BLEEDING: When you leave, you might be biting a gauze pad to control bleeding. Keep slight pressure on the pad for at least 30 minutes. Don't change it during this time; it needs to remain undisturbed while a clot forms in the extraction socket. After 30 minutes, you may remove it. You may bite on another gauze pad (damped with clean water) or a damped black tea bag for another 30 minutes if you feel it is still bleeding. Small amounts of blood in the saliva can make your saliva appear quite red. This is normal and may be noticed the rest of the day after the procedure.
SMOKING: Smoking should be stopped following surgery. Healing and success of the surgery will be substantially reduced by the cigarette smoke chemicals in your body. Also, suction created when inhaling can dislodge the clot. Smokers are at greater risk of developing a painful Dry Socket.
Dry socket is when the blood clot at the site of the tooth extraction fails to develop, or it dislodges or dissolves before the wound has healed.
PAIN: Some discomfort is normal after surgery. To minimize pain, take two Tylenol, Naproxen, Advil, or similar non-aspirin pain reliever every 3 to 4 hours until bedtime to maintain comfort. Take it before the anesthesia wears off. If prescription pain medication is prescribed, take it as prescribed and do not exceed the recommended dose. Taking medications with food or milk will help reduce upset stomach. Avoid driving or operating heavy machinery when taking pain prescriptions. Do not drink alcohol while taking prescription pain medications.
NAUSEA: This is most often caused by taking pain medications on an empty stomach. Reduce nausea by preceding each pain pill with soft food and taking the pill with a large glass of water.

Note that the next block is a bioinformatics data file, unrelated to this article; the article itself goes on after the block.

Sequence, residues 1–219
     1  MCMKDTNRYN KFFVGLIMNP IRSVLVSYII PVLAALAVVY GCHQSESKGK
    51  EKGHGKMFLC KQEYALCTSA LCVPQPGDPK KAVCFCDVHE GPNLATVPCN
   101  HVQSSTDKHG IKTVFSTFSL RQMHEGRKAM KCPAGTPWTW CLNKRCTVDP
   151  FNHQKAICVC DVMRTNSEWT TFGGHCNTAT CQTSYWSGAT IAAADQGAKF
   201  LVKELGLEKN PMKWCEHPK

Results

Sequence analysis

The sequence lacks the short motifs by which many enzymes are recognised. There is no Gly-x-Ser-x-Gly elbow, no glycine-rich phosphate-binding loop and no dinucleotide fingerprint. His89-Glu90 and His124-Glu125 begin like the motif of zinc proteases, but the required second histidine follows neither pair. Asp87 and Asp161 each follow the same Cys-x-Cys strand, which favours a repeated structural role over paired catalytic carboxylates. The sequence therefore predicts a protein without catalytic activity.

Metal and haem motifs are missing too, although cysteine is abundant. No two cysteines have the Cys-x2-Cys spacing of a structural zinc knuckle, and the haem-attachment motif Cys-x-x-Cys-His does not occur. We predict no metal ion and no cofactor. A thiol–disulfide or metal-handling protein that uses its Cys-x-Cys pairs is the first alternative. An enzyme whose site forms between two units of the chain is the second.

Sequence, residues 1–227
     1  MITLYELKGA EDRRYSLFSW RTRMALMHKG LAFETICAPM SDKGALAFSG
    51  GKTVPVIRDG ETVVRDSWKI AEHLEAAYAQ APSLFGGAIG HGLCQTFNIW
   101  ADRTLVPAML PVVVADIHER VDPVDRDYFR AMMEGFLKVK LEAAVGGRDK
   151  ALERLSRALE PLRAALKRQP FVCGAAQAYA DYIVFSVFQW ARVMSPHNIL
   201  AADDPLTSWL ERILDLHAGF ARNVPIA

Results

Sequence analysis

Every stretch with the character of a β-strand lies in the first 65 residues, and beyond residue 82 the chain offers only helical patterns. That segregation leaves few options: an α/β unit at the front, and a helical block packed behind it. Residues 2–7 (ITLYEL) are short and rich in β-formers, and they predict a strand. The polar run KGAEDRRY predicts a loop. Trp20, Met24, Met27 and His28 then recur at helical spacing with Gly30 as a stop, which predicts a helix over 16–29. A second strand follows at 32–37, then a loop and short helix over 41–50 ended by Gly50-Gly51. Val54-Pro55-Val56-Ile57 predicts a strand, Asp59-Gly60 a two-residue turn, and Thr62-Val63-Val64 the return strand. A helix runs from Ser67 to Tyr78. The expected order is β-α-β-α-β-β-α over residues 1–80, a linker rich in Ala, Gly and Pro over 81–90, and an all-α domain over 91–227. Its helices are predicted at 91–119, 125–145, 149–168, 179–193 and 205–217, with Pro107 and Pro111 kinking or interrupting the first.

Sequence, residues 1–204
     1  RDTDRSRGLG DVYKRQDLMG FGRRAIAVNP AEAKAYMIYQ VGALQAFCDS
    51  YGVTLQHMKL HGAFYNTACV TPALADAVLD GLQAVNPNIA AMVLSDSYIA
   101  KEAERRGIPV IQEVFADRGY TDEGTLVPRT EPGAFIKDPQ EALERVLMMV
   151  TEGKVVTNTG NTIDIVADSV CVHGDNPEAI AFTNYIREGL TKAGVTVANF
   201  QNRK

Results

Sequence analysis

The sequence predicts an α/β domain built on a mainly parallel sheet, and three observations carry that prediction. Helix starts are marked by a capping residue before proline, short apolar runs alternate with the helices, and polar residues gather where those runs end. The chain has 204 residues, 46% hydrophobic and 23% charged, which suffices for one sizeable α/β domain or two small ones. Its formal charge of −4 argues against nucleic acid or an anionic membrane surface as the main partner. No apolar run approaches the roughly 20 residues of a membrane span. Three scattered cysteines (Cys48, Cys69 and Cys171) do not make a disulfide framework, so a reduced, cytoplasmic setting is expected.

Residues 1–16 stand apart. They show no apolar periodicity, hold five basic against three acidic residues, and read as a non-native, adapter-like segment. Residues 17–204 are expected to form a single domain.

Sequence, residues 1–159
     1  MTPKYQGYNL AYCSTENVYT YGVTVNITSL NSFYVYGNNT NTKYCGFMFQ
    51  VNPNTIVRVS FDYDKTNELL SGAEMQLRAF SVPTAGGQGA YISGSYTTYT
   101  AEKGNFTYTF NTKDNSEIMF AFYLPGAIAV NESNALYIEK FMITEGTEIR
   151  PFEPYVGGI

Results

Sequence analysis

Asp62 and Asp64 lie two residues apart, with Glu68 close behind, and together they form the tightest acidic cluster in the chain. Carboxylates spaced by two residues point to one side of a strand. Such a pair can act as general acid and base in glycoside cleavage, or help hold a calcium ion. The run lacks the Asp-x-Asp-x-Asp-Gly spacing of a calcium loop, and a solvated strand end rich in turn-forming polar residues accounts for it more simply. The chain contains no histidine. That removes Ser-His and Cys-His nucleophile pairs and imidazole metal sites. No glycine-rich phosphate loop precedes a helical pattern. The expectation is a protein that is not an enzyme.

SWELLING: An ice pack over the area will minimize swelling. On the day of extraction, apply an ice pack to your face in the area for 15 minutes then remove for 15 minutes. Wrap the icepack in a thin towel or tee shirt if it is too cold.
NUMBNESS: The local anesthetic will cause you to be numb for several hours after you leave the office. Be very careful not to bite, chew, pinch, or scratch the numb area. Sometimes the extraction causes residual numbness or tingling for six weeks or longer.
BRUSHING: Do not brush your teeth for the first 8 hours after surgery. After this, you may brush your teeth gently, but avoid the area of surgery for 3 days.
RINSING: Avoid all rinsing or swishing for 24 hours after extraction. Rinsing can disturb the formation of a healing blood clot which is essential to proper healing. This could cause bleeding and risk of dry socket. After 24 hours you may begin gentle rinsing with a saltwater solution (1/2 teaspoon salt + 8 ounces warm water). Avoid commercial mouth rinses.
DIET: Eat soft foods for the first two days. Maintain a good, balanced diet. Return to normal regular meals as soon as you are able after the first two days. Drink plenty of water. Avoid alcohol for 48 hours.
ACTIVITY: After leaving the office, rest and avoid strenuous activities for the remainder of the day. Keeping blood pressure lower will reduce bleeding and aid healing.
ANTIBIOTICS: If you were given an antibiotic prescription, take all of them as directed by your doctor. Women: some antibiotics can reduce the effectiveness of birth control pills. Use alternate birth control methods for two months.
SINUS: If your sinus was involved in the procedure, you should avoid blowing your nose or playing a wind musical instrument for one week. Use of decongestant medications might be recommended.
FOLLOW-UP APPOINTMENTS: You may need to return to the office to have sutures removed or just for a brief follow-up healing check.
Please call your dentist if you have:
• uncontrollable pain
• excessive or severe bleeding
• marked fever
• excessive warm swelling occurring a few days after the procedure
• reactions to medications, especially rash, itching, or breathing problems
Following these instructions very closely will greatly help your comfort and promote healing of the area. If any of these instructions are not followed, the success of the procedure may be affected, and you might have significantly more discomfort.